Pandemic policies linked to overdose spike – Syracuse University News

Drug overdoses skyrocketed in the United States during the first year of the COVID-19 pandemic. According to the National Institutes of Health, more than 92,000 people died from overdoses in 2020. Public health experts worried early in the pandemic that lockdowns and other measures to control the spread of the virus could lead to more overdoses.

In work recently published in the “American Journal of Public Health”Researchers at Syracuse University are quantifying how much the pandemic measures and economic policies have affected these numbers. The findings provide lawmakers and health leaders with answers about future health policies and the unintended consequences of certain health measures, even if those measures were intended to save lives.

Maxwell School of Citizenship and Public Affairs faculty members and Lerner Center for Public Health Promotion and Population Health researchers Douglas Wolf, Shannon Monnat, Emily Wiemers, Jennifer Karas Montez and Yue Sun led the study, while former Syracuse graduate student Xue Zhang and the National Institute on Drug Abuse Program scientist Elyse Grossman also contributed.

Professors Wolf and Monnat sat down to discuss the key findings of the work.

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Douglas Wolf

Q: What were the key findings you discovered in this study?

Douglas Wolf: There are three main conclusions supported by this research:

1. The increase in drug overdose deaths seen in many states during the early months of the COVID-19 pandemic appears to have been exacerbated by state policies intended to control the spread of the virus – policies that restricts personal activities, travel and business;

2. Government policies intended to alleviate the economic impact of the pandemic – for example, expanded unemployment benefits – also appear to have reduced deaths from drug overdoses; And

(3) Although the two policies had opposite effects, no states imposed economic support policies sufficient to fully offset the harmful effects of the restrictions on individual and business activity.

Q: Did lockdowns have an unintended consequence of rising drug overdose deaths?

Wolf: Yes, lockdown policies appear to have contributed to an increase in drug overdose deaths. This could have occurred due to loss of employment and income, adverse mental health outcomes, reduced access to treatment and harm reduction services, an inadequate supply of ambulance responders, reduction in the prohibition of illicit drugs or an increase in use of solitary drugs.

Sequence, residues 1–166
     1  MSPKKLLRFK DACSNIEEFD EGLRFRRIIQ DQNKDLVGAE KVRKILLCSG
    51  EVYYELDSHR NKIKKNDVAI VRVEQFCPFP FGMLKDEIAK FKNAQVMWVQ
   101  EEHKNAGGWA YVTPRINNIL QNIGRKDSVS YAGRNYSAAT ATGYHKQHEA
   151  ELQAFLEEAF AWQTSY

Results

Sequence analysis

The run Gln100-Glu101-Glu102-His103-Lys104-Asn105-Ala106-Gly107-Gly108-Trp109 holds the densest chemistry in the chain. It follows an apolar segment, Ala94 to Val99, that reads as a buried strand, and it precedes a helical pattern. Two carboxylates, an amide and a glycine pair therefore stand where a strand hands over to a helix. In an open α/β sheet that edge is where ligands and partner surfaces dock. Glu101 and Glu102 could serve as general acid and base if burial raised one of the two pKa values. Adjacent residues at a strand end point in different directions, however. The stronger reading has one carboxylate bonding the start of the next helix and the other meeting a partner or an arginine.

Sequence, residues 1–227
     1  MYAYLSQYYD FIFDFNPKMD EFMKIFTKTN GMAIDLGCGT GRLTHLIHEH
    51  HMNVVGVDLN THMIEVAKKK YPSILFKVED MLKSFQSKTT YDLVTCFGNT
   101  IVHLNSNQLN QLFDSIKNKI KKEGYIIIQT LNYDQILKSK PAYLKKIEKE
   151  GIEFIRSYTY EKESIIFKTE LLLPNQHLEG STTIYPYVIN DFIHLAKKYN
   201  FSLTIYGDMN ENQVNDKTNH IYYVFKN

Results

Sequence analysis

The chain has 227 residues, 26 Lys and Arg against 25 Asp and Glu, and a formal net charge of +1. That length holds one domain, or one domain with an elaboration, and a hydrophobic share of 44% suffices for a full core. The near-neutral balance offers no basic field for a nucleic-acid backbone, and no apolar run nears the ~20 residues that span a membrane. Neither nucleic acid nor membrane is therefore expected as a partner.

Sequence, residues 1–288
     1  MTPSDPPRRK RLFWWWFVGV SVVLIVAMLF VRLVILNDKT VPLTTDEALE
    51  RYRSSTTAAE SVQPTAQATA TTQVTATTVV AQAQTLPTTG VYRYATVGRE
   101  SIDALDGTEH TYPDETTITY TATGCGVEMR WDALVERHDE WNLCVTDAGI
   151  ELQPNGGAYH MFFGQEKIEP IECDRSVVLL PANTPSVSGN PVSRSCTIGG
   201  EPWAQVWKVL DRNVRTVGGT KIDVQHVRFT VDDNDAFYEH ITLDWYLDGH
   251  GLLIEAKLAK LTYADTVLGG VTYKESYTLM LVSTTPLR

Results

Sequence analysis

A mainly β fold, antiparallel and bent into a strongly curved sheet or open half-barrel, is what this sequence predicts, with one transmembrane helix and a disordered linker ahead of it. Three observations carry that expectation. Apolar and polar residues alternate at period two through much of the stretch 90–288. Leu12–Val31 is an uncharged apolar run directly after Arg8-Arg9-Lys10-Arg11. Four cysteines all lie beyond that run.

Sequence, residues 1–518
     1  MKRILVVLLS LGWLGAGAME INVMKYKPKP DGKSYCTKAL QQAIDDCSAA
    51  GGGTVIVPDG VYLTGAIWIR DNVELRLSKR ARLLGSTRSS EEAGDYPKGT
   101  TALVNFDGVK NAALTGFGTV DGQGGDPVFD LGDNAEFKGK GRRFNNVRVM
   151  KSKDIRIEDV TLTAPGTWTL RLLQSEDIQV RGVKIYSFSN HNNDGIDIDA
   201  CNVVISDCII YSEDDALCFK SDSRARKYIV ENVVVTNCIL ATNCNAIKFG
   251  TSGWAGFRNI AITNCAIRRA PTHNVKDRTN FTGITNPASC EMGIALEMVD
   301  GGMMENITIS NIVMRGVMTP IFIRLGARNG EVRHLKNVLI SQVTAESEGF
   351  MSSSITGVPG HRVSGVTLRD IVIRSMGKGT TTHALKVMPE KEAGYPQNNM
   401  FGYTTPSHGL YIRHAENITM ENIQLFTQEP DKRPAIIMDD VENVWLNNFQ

Q: Can you find examples of economic relief policies that have worked better than others in reducing overdoses?

WolfNo, we are unable to separate the effects of expanded unemployment benefits and moratoriums on foreclosures and evictions, the two main forms of economic support policies.

Q: How can public health officials best meet the needs of people struggling with addiction during public health emergencies like the pandemic?

Shannon Monnat

Shannon Monnat

Shannon Monnat: Crises in general, and not just the COVID-19 pandemic, tend to amplify the risk factors for overdose. In the short term, reducing overdose risk among people already struggling with substance use disorders requires ensuring widespread and easy access to Narcan, the overdose-reversing drug. However, we cannot save our way out of the overdose crisis. The most progressive and effective strategy for reducing overdoses in the long term is to reduce the social and economic factors that lead people to use drugs and become addicted. At its core, this means that we must ensure that our society is organized in such a way that people have opportunities to participate in activities – work, family and community – that give purpose and meaning to their lives.

Q: Four years later, what are the biggest insights from your work that can be applied to the next pandemic response?

Monnat: As with any policy, there are tradeoffs. Our finding that restrictive policies were associated with greater increases in drug overdoses should be seen in the broader context of the decline in COVID-19 mortality. This policy has certainly saved lives. People who would otherwise have contracted the disease and died from it lived because these policies reduced the spread of disease. We should all be grateful for that. But we must also recognize that some of these policies had the unintended consequence of shortening other lives. The challenge for policymakers is to find the ideal balance that will save as many lives as possible.

You can view the team’s full research paper and research briefing.

If you would like to get in touch with researchers or receive more information, please contact:

Daryl Lovell
Deputy Director of Media Relations
University communications
[email protected] | @DarylLovell

Chris Munoz
Media relations specialist
University communications
[email protected]